The Future outlook of Indian low-cost carrier Go First (G8) seems harsh as the airline is not able to pay the salaries on time due to the grounding of half of its fleet and tension at the senior management level.
Last year, before Go First’s planned stock exchange listing, CEO Kaushik Khona and Chairman Varun Berry, among others, held an investor call.
To everyone’s surprise, Nusli Wadia, the airline’s owner and chairman emeritus, joined the call and led the discussion, sharing his thoughts on the business and competitors such as Air India and Akasa, according to a source who participated in the call and requested anonymity.
Go First Outlook
There is a lot of uncertainty over Go First, Mainly due to insufficient funds and a solid business plan.
The ET reported that Go First airline was started by Jeh Wadia with a simple idea of starting an airline, without any detailed plan, and began by leasing two planes.
On the other hand, Nusli Wadia, the owner of Go First, considers it as just another business venture. He gives equal time. In contrast, for IndiGo, the airline business is their primary focus and main business.
The person stated to ET that “something happened between the three of them – the father, son, and Dube. And he just left.” In the past 17 years, at least seven CEOs have departed from Go First.
COVID and Engine Grounding
The airline’s challenges have not diminished despite the pandemic. In fact, they have become more intricate and subtle.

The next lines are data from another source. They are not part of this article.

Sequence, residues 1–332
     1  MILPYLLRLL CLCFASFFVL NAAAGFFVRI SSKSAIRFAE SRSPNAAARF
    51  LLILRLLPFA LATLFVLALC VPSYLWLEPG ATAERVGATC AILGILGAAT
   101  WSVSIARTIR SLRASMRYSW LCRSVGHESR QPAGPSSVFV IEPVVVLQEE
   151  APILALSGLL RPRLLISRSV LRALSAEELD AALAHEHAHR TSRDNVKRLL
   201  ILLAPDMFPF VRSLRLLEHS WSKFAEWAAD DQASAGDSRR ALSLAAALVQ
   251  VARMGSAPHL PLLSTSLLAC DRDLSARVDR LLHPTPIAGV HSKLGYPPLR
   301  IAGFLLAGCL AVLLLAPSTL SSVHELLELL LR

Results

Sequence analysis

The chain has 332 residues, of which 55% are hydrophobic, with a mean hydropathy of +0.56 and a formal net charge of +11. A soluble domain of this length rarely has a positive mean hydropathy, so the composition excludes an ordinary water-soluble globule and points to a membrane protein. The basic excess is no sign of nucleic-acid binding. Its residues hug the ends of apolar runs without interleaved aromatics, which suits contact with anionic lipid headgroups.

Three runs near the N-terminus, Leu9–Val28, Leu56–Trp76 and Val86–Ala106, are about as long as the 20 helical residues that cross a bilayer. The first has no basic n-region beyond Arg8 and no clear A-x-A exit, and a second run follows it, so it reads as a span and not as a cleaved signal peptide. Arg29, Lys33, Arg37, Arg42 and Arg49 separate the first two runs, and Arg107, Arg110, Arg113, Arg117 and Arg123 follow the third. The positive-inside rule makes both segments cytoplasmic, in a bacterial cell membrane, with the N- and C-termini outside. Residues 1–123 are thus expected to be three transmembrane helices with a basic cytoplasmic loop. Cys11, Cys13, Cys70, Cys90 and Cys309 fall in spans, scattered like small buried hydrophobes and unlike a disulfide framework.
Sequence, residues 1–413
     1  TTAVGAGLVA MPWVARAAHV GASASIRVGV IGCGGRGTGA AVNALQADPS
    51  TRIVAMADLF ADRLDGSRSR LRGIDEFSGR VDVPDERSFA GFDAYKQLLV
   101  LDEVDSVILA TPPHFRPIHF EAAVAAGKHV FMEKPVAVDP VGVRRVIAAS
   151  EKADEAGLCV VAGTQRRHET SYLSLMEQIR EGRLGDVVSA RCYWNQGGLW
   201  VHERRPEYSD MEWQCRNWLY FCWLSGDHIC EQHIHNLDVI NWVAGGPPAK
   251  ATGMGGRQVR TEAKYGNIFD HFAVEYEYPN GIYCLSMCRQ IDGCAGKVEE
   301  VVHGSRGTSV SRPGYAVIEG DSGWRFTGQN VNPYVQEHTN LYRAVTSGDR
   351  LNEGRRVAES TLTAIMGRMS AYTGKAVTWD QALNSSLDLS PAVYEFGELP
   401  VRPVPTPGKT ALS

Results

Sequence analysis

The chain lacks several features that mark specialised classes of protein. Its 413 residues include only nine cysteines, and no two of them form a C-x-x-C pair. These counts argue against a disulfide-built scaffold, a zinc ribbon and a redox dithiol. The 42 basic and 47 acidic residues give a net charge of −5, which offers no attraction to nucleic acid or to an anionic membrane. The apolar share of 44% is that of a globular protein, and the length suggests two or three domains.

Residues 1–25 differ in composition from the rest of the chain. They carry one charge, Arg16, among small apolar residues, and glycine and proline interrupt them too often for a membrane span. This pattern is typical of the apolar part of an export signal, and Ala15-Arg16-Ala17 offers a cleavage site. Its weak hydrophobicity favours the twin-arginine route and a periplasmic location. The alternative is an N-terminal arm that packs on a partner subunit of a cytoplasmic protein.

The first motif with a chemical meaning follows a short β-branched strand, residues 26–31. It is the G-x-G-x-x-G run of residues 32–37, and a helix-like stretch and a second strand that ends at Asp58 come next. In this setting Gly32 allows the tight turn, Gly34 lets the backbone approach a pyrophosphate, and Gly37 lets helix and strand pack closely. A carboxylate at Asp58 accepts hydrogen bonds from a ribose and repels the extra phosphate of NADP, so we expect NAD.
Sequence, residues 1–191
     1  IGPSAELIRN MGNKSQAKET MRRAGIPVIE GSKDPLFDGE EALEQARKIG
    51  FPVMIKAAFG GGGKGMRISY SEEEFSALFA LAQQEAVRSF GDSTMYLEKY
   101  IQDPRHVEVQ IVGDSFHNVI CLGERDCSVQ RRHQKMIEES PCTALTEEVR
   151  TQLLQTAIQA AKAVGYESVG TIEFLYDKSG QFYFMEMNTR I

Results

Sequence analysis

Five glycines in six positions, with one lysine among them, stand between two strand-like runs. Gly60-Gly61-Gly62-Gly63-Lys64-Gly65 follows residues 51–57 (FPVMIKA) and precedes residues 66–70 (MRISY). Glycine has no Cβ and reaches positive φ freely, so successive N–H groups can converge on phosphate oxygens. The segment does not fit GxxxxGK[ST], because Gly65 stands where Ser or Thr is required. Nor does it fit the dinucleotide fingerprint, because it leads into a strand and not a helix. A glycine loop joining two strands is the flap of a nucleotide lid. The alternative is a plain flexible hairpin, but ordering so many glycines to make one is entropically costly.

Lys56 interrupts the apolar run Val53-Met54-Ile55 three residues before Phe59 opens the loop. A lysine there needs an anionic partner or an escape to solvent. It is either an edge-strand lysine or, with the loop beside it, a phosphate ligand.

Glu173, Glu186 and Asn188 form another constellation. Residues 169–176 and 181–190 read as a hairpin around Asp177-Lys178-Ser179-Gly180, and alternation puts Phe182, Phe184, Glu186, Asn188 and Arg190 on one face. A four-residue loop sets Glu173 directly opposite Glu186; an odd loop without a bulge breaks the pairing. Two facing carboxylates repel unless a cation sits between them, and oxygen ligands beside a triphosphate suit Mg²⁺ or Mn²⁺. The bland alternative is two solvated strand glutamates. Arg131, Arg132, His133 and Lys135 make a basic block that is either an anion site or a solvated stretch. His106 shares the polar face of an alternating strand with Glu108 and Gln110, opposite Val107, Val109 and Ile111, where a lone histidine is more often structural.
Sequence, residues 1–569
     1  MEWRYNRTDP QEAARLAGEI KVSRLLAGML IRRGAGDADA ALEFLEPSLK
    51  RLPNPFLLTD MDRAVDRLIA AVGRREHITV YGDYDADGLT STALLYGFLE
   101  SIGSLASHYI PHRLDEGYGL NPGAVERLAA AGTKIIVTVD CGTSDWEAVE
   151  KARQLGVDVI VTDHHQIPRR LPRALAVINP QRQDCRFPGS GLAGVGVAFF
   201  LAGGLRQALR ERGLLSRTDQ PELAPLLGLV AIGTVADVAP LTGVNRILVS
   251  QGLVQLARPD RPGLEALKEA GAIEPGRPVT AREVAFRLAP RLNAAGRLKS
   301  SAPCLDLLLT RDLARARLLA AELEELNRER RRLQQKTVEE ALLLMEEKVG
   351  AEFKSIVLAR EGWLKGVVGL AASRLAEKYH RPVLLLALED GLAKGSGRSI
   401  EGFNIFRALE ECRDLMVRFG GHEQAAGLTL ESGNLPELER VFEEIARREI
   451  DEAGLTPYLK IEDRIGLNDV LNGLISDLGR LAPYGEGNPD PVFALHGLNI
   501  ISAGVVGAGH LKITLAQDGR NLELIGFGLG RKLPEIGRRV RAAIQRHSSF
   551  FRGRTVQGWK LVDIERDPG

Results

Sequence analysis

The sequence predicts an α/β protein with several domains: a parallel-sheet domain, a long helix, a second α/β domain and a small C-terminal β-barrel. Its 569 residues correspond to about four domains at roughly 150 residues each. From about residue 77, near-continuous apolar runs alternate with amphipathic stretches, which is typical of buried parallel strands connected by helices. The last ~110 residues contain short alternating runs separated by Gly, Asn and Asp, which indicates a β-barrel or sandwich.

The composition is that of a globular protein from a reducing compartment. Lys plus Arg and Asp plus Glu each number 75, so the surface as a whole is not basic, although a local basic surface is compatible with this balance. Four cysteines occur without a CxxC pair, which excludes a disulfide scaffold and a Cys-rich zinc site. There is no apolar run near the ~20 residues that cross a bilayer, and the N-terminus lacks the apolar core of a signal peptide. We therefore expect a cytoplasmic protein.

Last year, in July, when Go First was operating 45 planes, its planes’ Pratt & Whitney engines began failing before their expected lifespan. In just three months, 24 engines stopped working.
This figure has since increased, and nearly half of the airline’s 59 planes are currently out of operation. 25 planes are grounded due to engine problems, and another four due to landing gear issues. By contrast, only ten percent of IndiGo’s planes are not flying.
In the opinion of the official, IndiGo might have received compensation of almost INR1,000 crore from Pratt & Whitney, as its contracts were more strongly worded. However, Go First did not receive any compensation, as the contracts of the airline did not have the necessary leverage.
Go First Last Chance
The recent losses at Go First may have a negative impact on Nusli Wadia’s plan to have a successful initial public offering (IPO) and achieve one-sixth of IndiGo’s valuation.
Despite this, Wadia’s other business, Britannia Industries, has been thriving, with the announcement of an INR850 crore dividend. This dividend will provide ample funds to pay Go First employees’ salaries for the next year and, hopefully, on time.
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